Because climbing is a part of life, death is a part of climbing.

With all these so-called “adventure sports,” death can begin to feel quite common. The longer you climb, the more dead people you know. Yet, somehow, we climbers are just as bad at coping with death as everyone else.

When climbers die, especially in sensational accidents such as while off on a faraway Himalayan peak, I’ve noticed that those deceased climbers take on a certain celebrity. What transpires out of that celebrity often makes me uncomfortable, if not cynical.

The clearest example of this phenomenon that I can think of was in the grief-stricken frenzy that swept through Boulder in the aftermath of the deaths of Micah Dash, Jonny Copp, and Wade Johnson. Micah and Jonny, in particular, seemed to become more famous and adored in death than they ever had in been in life—probably to the exasperation of Micah and Jonny’s true inner circle, too. Throughout Boulder, there seemed to be an underlying competition over who knew the departed best (and therefore whose pain was worse) and who could eulogize their deaths most publicly.

Because death can feel so ingrained within the climbing world, when some well-known climber dies, many seem to take the opportunity to feel closer to death—and perhaps, by doing so, they feel as if it takes them closer to climbing.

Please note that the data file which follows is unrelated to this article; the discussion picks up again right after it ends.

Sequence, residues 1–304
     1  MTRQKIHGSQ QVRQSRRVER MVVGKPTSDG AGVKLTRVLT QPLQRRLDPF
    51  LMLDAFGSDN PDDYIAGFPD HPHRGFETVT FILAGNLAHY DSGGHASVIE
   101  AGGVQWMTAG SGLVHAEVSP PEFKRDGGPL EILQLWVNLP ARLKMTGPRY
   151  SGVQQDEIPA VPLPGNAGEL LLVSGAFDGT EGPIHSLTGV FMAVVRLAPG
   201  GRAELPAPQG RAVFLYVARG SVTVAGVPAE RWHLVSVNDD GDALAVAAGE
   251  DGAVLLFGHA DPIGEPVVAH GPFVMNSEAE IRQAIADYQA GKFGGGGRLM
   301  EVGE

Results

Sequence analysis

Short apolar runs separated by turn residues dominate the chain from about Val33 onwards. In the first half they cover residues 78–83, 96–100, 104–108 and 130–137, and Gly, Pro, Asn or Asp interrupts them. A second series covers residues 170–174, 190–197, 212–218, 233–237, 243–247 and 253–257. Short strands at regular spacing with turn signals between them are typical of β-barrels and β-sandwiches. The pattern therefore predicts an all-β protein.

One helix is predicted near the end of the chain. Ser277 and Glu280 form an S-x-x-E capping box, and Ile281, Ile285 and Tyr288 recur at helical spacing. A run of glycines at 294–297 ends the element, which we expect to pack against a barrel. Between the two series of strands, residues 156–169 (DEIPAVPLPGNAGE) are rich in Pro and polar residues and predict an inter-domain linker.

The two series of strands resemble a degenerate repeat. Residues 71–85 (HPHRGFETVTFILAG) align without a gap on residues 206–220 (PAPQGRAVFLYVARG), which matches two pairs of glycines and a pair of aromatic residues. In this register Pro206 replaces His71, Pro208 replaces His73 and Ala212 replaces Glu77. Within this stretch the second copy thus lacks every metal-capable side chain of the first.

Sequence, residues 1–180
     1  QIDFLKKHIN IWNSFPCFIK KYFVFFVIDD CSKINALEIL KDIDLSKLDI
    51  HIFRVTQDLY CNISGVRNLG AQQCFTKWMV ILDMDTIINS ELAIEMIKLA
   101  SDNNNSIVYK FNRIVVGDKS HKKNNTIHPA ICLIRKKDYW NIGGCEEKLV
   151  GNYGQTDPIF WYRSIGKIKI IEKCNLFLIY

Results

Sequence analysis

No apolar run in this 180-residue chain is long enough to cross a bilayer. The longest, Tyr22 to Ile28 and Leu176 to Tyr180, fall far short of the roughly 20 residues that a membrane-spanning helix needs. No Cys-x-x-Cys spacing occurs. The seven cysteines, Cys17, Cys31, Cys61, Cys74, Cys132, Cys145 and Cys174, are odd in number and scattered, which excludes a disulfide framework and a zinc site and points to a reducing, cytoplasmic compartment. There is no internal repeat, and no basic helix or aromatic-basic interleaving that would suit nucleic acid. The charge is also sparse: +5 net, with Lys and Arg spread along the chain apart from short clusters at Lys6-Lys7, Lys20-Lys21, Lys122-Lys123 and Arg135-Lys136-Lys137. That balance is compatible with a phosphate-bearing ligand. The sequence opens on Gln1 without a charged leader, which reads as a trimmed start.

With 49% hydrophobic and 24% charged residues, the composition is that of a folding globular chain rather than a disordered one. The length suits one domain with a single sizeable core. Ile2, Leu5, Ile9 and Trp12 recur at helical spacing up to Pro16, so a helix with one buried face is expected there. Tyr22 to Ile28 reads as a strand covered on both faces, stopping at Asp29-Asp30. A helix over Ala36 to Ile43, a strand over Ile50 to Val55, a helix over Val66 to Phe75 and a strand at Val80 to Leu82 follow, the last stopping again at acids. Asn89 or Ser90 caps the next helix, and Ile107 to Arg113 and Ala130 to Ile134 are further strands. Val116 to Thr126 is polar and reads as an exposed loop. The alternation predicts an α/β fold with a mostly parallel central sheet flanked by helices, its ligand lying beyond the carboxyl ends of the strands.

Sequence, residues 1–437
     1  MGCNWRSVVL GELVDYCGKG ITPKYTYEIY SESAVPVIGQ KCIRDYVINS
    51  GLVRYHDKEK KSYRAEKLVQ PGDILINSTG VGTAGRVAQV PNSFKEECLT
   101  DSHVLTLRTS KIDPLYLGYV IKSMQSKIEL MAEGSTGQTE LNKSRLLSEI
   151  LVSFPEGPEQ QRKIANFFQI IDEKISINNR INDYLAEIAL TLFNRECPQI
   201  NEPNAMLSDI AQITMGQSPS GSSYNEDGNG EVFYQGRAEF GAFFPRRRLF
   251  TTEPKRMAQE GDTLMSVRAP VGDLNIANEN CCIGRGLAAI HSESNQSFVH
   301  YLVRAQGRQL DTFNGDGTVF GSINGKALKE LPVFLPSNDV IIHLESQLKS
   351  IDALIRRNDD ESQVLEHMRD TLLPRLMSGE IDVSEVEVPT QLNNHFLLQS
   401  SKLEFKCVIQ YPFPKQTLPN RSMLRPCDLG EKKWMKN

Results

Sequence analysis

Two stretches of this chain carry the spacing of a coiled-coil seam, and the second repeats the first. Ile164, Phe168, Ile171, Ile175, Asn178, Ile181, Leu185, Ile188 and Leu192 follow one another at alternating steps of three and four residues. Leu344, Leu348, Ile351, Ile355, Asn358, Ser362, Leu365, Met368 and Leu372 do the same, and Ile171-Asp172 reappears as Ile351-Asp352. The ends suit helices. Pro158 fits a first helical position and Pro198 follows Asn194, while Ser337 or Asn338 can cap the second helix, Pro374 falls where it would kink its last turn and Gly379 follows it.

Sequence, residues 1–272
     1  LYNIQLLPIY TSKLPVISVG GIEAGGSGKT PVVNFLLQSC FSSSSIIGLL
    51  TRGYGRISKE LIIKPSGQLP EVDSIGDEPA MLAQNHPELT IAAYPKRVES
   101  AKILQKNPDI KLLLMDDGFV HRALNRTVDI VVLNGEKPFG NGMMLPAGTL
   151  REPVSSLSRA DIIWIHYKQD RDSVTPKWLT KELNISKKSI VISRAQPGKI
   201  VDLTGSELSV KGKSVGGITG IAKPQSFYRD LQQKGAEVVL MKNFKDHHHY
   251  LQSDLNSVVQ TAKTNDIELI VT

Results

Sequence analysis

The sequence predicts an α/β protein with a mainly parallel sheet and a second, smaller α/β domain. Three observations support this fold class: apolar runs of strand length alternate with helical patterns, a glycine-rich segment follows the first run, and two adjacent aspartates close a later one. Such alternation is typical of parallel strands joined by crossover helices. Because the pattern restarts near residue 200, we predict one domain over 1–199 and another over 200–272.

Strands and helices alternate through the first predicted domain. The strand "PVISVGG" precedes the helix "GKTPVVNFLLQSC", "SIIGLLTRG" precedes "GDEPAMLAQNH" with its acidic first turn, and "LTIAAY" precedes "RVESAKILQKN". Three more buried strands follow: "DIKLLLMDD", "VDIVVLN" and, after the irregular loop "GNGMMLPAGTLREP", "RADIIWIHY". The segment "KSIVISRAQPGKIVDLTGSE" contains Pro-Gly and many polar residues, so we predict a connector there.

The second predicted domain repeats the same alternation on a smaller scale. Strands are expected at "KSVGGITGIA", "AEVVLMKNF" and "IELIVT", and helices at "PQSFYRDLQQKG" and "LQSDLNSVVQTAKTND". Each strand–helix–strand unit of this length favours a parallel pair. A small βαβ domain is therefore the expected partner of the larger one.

This morbid phenomenon seems to be taking place with regards to my dead friend Dave Pegg, known to and beloved by many folks in our community. Toward the end of 2014, Dave committed suicide. His death wasn’t climbing related, per se, but he was a climber.

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Dave taping up, with Broncos duct tape, for a burn on the Gayness, a 5.14a, which he eventually sent–after six years.

My initial sadness over Dave’s death humbled me, and even turned to moments of anger. That old cliché about how it took Dave’s death to remind me to appreciate all that I have in life was true—and that’s what made me even more upset. I didn’t want Dave to be my cliché.

In the wake of Dave’s death, many climbers tried to wrap their heads around what had happened. Part of me resented those who I sensed were somehow drawn to Dave in death—the way some fawn over celebrities—just to feel something, anything, about themselves.

I overcame those cynical feelings by doing something constructive: I helped plan Dave’s memorial with a few friends. Over a two-week period, we got together for dinners and brainstormed miscellaneous details about what the memorial might look like. But quickly we put down our pens and found ourselves ordering another round of beers in order to relive all the great Dave Pegg stories. Those nights at the pub, planning Dave’s memorial, ended up being some of the best and most cathartic experiences I’ve had.

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I took this portrait of Dave right after he sent a new 5.13b slab at the West Fortress. He’d used a mechanical rotary scrubber to clean 100 vertical feet of lichen off of this face. How he knew there was an amazing sequence of crimps under that dirt is beyond me …

After the memorial, I felt a real sense of closure—a concept I’d always heard about but hadn’t understood until experiencing it firsthand. Closure feels … good.

I never gained any new understanding of why Dave killed himself—in a way, the answer to that question doesn’t matter.